Culture Magazine

Stagnation 1: The Phenomenon and a Simple-minded Model with Some Remarks on Search (pharmaceuticals) and Process Re-engineering (semiconductors)

By Bbenzon @bbenzon
I don’t remember just when I read about stagnation (in the production of new ideas), but it would have been on the Marginal Revolution blog and it would have been in a post by Tyler Cowen, who is deeply interested in the problem. Nor do I remember my reaction but it was likely some version of “so what else is new?” Some time late in the previous century I’d observed the same thing in the academic disciplines I know best, literary criticism and the cognitive sciences. The basic ideas were on the table by, say, the 1970s and 80s, and it’s been dotting i’s and crossing t’s since then. John Horgan had made a similar point across a number of scientific disciplines in his 1996 book, The End of Science. Cowen was simply informing me that it’s a very general problem.
The topic came up again in Cowen’s recent conversation with Paul Romer, a Nobel laureate with an interest in economic development, where they cited a recent and apparently rather thorough paper on the subject:
Nicholas Bloom, Charles I. Jones, John Van Reenen, and Michael Webb, Are Ideas Getting Harder to Find? March 5, 2018.
I decided to read the paper (which I shall identify as BJRW) and see if I had anything to add to the discussion.
I begin by stating my reservations about this effort; after all, I am not an economist. Then I summarize and abstract the main result of BJRW followed by a simple, if not quite simple-minded, metaphor for the increasing difficulty of coming across new ideas. Next comes some observations about two cases, pharmaceuticals and semiconductor ships. I conclude with some brief remarks of a broadly historical character. In a second post I will address the larger question: Are we stuck here? Quick answer, no. In that post I will take an approach that is evolutionary in kind, thus treating the stagnation results as being about an episode in the socio-cultural evolution of humankind.
Note: You might want to pour yourself a drink as this is going to take awhile.
Calibration
That I am not an economist imposes (at least) two limitations on my understanding of this material, BJRW in particular: 1) it’s a technical subject and I don’t know the math, and 2) it’s embedded in a disciplinary history that I don’t know. On the first, that’s not a new kind of problem; I’ve been facing it my entire career. I’m used to reading technical material and I’m happy to take BJRW as technically competent and reasonable. And I ask question; thus as I’ve been thinking this through I’ve queried Tyler Cowen and he’s answered. That’s been helpful. He is not, of course, responsible any short comings in my understanding or exposition.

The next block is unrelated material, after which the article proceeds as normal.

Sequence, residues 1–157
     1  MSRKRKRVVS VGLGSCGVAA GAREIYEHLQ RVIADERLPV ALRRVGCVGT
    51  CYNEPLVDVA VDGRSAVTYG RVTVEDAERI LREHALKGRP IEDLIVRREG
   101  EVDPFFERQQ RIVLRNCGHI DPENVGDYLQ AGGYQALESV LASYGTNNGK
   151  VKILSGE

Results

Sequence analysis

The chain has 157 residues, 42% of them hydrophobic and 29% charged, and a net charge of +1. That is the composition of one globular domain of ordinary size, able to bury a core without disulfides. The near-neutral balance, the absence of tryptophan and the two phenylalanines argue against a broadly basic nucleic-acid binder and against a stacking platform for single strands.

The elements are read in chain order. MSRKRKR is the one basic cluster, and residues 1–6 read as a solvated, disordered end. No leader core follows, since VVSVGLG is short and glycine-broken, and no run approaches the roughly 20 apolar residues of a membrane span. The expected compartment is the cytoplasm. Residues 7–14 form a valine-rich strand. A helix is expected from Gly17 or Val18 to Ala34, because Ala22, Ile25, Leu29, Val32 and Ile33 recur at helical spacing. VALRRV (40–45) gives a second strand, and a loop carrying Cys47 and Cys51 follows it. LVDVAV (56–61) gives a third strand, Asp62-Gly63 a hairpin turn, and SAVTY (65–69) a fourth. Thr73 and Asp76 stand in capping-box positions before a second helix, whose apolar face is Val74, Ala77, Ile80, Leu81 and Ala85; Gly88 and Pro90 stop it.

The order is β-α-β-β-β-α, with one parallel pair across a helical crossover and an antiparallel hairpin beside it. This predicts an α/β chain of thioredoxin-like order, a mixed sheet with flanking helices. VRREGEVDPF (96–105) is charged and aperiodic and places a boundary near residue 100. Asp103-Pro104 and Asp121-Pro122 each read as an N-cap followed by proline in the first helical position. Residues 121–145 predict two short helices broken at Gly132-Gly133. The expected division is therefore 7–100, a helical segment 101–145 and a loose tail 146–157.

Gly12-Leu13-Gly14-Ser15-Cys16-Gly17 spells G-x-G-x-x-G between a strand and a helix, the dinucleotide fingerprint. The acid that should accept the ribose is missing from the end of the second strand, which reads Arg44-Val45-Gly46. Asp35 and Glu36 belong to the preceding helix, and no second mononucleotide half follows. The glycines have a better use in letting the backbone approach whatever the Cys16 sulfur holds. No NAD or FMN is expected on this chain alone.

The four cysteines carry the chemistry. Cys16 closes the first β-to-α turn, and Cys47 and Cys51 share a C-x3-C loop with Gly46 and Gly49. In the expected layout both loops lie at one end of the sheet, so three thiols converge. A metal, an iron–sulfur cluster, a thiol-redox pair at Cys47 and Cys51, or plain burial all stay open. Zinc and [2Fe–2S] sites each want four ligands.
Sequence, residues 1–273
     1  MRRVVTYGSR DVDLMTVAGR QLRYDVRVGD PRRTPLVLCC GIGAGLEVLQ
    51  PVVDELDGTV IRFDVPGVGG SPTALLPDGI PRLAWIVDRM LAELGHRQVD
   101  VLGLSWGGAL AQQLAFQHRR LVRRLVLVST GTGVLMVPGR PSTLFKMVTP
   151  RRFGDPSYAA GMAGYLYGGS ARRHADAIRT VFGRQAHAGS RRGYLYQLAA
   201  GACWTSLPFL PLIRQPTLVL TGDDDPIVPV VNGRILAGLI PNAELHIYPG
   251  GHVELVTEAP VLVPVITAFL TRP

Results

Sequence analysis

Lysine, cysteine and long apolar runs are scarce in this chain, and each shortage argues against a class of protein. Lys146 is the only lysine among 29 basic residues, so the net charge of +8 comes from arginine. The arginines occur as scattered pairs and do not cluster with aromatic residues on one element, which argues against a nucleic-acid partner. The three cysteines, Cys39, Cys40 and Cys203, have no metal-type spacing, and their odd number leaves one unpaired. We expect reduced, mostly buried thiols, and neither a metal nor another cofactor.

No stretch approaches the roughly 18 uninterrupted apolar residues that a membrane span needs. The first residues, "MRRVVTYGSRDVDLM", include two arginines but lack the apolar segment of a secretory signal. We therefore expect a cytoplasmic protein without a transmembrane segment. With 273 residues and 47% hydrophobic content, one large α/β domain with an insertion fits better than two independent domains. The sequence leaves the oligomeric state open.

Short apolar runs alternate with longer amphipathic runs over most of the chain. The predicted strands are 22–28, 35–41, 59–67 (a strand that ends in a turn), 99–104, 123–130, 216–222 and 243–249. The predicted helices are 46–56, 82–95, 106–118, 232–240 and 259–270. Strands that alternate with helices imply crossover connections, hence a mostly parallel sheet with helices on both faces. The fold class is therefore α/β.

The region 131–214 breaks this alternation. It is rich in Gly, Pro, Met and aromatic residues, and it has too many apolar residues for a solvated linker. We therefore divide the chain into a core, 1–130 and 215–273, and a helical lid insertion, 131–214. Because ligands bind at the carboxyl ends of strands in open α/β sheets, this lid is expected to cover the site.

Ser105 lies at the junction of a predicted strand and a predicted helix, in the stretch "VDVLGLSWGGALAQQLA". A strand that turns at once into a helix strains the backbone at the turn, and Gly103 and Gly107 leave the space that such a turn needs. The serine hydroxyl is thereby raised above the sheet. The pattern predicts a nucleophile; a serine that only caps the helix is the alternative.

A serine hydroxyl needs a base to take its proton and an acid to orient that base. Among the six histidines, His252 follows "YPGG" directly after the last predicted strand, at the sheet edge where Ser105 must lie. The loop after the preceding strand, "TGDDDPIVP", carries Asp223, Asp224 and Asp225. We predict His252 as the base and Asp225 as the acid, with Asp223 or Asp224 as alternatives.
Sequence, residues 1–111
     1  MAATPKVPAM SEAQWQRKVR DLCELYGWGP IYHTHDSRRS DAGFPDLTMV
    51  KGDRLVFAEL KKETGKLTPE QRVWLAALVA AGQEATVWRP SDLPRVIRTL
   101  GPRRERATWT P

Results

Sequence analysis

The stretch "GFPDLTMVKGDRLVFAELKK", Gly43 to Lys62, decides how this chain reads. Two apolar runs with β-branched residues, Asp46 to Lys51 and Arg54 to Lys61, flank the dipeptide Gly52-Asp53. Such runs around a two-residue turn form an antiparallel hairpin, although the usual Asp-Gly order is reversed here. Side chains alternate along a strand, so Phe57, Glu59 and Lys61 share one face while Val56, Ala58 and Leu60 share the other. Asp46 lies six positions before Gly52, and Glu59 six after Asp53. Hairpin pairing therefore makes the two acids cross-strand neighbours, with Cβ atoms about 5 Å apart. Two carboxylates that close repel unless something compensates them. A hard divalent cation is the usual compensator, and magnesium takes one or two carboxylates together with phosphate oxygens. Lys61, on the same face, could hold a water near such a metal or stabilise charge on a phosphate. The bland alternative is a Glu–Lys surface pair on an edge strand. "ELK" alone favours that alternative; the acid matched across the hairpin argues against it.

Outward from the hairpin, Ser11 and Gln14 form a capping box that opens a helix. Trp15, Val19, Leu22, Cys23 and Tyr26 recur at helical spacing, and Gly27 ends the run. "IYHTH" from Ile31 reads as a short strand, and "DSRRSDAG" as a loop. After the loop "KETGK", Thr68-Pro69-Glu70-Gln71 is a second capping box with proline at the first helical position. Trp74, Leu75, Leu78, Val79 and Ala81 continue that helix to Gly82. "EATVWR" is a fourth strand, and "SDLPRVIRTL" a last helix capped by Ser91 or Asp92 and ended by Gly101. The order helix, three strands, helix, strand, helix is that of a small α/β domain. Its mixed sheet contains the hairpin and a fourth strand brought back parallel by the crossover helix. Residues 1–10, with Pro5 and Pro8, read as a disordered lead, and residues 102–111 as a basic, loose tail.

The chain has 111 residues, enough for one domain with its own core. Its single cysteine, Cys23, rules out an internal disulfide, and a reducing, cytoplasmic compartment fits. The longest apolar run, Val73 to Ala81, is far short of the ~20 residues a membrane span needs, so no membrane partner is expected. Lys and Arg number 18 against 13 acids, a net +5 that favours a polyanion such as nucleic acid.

On the second here’s a passage where Arnold Kling is commenting on a conversation between Paul Krugman and Tyler Cowen:
In the video, Paul and Tyler point out some problems with the narrative of ideas and increasing returns. It seems to imply that economic growth will just get faster and faster, as we have more people combining more ideas. But measured economic growth, while still positive, appears to have slowed in recent decades. Also, since ideas can be used without being used up, why are some countries so backward in their use of ideas?
The answers to these sorts of questions take us out of the realm of typical economic factors. At one point, Paul quotes Robert Solow as saying that these discussions end up in a “blaze of amateur sociology.”
Solow’s name comes up in any discussion of economic growth. In the Solow model, the economic driver of productivity is savings. But there is a “residual” driver of economic growth, that Solow equates to pure advances in technology.
My own view is that intangible factors are important determinants of economic outcomes. I believe that they have become increasingly important in recent years. This limits our ability to explain economic growth on the basis of the measurable components of the Solow model.
There’s some of the context, economic growth, not just economic growth in the United States, but economic growth in general, Africa, the Far East, the whole world and, why not? throughout history.
At the center of this interest in economic growth is the idea of exponential growth. I suppose the paradigm example there would be something we all learned about in middle school, compound interest in a savings account. Each month you put a relatively small amount in a savings account. You do this year after year, decade upon decade and in time all the money in the world miraculously ends up in your savings account – well, maybe not all, but you get the idea.
That, put rather crudely, seems to be what’s hanging over this research. It’s haunted by the spirit of compound interest. That’s why there’s a reluctance to accept research results, such as those in BJRW, at face value, as empirical statements about the nature of the world. If the world in general doesn’t reward hard work in the way that banks reward regular savings, there must be some reason. What is it?
I’ve got a couple of suggestions about that later in this post.
Stagnation, the problem